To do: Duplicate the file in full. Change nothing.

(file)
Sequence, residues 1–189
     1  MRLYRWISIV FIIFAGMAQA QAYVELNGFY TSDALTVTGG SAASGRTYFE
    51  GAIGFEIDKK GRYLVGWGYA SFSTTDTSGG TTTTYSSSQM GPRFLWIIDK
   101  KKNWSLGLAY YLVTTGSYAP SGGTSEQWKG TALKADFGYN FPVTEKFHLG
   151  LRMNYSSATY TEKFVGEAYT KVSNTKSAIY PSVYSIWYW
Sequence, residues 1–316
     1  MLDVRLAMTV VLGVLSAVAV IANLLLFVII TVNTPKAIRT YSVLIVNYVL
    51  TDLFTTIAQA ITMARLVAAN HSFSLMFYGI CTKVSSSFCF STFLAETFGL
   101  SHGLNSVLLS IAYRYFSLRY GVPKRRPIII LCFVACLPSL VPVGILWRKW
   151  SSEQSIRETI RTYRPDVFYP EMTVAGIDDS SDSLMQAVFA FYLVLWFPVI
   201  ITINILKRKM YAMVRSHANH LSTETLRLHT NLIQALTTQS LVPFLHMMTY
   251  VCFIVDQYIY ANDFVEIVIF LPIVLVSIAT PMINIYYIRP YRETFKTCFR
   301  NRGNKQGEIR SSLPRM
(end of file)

Sequence, residues 1–189
     1  MRLYRWISIV FIIFAGMAQA QAYVELNGFY TSDALTVTGG SAASGRTYFE
    51  GAIGFEIDKK GRYLVGWGYA SFSTTDTSGG TTTTYSSSQM GPRFLWIIDK
   101  KKNWSLGLAY YLVTTGSYAP SGGTSEQWKG TALKADFGYN FPVTEKFHLG
   151  LRMNYSSATY TEKFVGEAYT KVSNTKSAIY PSVYSIWYW
Sequence, residues 1–316
     1  MLDVRLAMTV VLGVLSAVAV IANLLLFVII TVNTPKAIRT YSVLIVNYVL
    51  TDLFTTIAQA ITMARLVAAN HSFSLMFYGI CTKVSSSFCF STFLAETFGL
   101  SHGLNSVLLS IAYRYFSLRY GVPKRRPIII LCFVACLPSL VPVGILWRKW
   151  SSEQSIRETI RTYRPDVFYP EMTVAGIDDS SDSLMQAVFA FYLVLWFPVI
   201  ITINILKRKM YAMVRSHANH LSTETLRLHT NLIQALTTQS LVPFLHMMTY
   251  VCFIVDQYIY ANDFVEIVIF LPIVLVSIAT PMINIYYIRP YRETFKTCFR
   301  NRGNKQGEIR SSLPRM